Rebecca Hersher

Rebecca Hersher is a reporter on NPR's Science Desk, where she reports on outbreaks, natural disasters, and environmental and health research. Since coming to NPR in 2011, she has covered the Ebola outbreak in West Africa, embedded with the Afghan army after the American combat mission ended, and reported on floods and hurricanes in the U.S. She's also reported on research about puppies. Before her work on the Science Desk, she was a producer for NPR's Weekend All Things Considered in Los Angeles.

Hersher was part of the NPR team that won a Peabody award for coverage of the Ebola epidemic in West Africa, and produced a story from Liberia that won an Edward R. Murrow award for use of sound. She was a finalist for the 2017 Daniel Schorr prize; a 2017 Pulitzer Center on Crisis Reporting fellow, reporting on sanitation in Haiti; and a 2015 NPR Above the Fray fellow, investigating the causes of the suicide epidemic in Greenland.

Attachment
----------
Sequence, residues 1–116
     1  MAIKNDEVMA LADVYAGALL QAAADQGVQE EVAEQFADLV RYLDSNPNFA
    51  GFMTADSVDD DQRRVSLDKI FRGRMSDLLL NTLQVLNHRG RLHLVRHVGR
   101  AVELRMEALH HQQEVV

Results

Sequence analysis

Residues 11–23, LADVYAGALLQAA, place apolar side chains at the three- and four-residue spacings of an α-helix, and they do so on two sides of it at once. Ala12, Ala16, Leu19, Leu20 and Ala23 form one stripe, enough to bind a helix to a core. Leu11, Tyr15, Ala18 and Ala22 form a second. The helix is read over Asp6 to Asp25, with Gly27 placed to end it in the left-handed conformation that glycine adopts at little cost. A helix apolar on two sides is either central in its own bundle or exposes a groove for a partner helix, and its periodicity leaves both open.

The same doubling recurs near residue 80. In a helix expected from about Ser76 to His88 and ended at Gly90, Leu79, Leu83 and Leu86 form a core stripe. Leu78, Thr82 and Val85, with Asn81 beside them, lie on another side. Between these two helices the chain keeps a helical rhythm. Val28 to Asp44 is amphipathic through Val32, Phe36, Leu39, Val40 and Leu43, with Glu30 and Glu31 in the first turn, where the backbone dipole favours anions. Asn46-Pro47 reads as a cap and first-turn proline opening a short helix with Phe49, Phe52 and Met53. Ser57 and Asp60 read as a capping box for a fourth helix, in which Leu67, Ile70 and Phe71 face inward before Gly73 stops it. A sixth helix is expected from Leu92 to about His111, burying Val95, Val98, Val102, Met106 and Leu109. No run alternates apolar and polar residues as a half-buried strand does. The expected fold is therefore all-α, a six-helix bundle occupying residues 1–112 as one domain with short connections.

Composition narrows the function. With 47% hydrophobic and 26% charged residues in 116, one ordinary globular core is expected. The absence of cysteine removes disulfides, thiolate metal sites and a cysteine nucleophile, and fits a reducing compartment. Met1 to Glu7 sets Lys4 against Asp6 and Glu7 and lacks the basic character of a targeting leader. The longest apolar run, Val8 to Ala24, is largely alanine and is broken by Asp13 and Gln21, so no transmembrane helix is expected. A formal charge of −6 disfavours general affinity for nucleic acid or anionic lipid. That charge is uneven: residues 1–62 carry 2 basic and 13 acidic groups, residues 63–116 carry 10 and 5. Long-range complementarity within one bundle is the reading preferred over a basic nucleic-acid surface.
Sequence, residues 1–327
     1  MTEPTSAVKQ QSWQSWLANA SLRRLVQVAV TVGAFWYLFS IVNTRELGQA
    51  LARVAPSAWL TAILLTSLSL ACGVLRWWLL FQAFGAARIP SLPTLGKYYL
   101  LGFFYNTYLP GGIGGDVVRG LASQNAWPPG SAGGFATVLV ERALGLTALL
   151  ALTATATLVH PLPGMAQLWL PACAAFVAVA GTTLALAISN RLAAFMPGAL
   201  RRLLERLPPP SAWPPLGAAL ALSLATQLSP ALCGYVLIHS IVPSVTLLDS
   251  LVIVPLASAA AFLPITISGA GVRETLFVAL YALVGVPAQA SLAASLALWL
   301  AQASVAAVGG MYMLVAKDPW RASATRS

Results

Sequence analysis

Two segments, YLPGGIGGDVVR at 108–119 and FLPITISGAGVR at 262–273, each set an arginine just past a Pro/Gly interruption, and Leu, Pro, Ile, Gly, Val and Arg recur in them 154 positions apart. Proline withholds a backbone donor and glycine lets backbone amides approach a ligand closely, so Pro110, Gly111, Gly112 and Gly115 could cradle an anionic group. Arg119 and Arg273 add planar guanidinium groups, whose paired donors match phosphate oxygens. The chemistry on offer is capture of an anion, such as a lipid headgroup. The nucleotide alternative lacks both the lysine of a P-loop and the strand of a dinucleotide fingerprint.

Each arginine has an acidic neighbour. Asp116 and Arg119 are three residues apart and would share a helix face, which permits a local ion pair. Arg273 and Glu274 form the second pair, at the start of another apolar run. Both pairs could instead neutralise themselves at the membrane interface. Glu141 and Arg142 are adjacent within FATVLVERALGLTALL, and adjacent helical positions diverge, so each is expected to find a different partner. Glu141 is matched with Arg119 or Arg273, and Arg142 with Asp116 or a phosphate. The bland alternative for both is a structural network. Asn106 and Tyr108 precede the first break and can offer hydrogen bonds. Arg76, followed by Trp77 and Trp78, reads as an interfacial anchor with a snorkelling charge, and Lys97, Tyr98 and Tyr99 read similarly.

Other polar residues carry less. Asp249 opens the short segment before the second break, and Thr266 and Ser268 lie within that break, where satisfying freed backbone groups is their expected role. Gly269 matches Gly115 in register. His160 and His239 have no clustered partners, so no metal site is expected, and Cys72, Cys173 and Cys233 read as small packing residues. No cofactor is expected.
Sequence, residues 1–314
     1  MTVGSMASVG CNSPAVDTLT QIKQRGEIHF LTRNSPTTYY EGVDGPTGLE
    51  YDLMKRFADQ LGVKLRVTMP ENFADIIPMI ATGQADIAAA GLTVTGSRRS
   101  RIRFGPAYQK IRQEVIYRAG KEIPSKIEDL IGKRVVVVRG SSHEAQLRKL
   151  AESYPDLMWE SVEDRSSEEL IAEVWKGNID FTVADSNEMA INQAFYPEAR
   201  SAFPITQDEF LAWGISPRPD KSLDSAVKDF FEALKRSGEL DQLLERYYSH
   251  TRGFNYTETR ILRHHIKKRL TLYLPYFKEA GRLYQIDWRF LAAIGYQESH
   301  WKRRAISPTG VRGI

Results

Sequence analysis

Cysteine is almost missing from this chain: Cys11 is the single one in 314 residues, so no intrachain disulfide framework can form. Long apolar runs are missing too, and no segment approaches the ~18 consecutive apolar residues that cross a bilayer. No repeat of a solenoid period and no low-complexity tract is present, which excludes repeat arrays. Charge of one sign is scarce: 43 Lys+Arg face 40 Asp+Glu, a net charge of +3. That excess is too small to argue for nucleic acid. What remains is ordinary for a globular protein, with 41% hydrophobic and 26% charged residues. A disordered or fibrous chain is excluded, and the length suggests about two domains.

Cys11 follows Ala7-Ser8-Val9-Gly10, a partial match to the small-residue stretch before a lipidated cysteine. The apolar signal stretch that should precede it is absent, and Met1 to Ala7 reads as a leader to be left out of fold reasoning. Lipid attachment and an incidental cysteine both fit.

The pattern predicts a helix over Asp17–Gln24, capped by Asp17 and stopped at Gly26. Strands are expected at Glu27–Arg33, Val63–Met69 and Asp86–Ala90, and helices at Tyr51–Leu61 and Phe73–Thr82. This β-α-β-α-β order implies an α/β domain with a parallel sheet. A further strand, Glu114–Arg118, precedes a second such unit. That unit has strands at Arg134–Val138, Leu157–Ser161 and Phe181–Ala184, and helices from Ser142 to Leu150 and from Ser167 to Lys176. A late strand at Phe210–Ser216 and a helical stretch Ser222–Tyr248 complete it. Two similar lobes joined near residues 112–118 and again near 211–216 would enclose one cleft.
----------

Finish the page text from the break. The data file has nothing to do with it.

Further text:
Prior to working at NPR, Hersher reported on biomedical research and pharmaceutical news for Nature Medicine.

Copyright 2019 NPR. To see more, visit https://www.npr.org.

AUDIE CORNISH, HOST:

Now to the small town in Maryland hit by two flash floods in two years. This is what it sounded like when residents called 911.

(SOUNDBITE OF ARCHIVED RECORDING)

UNIDENTIFIED PERSON #1: Oh, my God.

As the world's climate changes, ocean warming is accelerating and sea levels are rising more quickly, warns a new report by the U.N. Intergovernmental Panel on Climate Change.

The report is a synthesis of the most up-to-date climate science on oceans and ice, and it lays out a stark reality: Ocean surface temperatures have been warming steadily since 1970, and for the past 25 years or so, they've been warming twice as fast.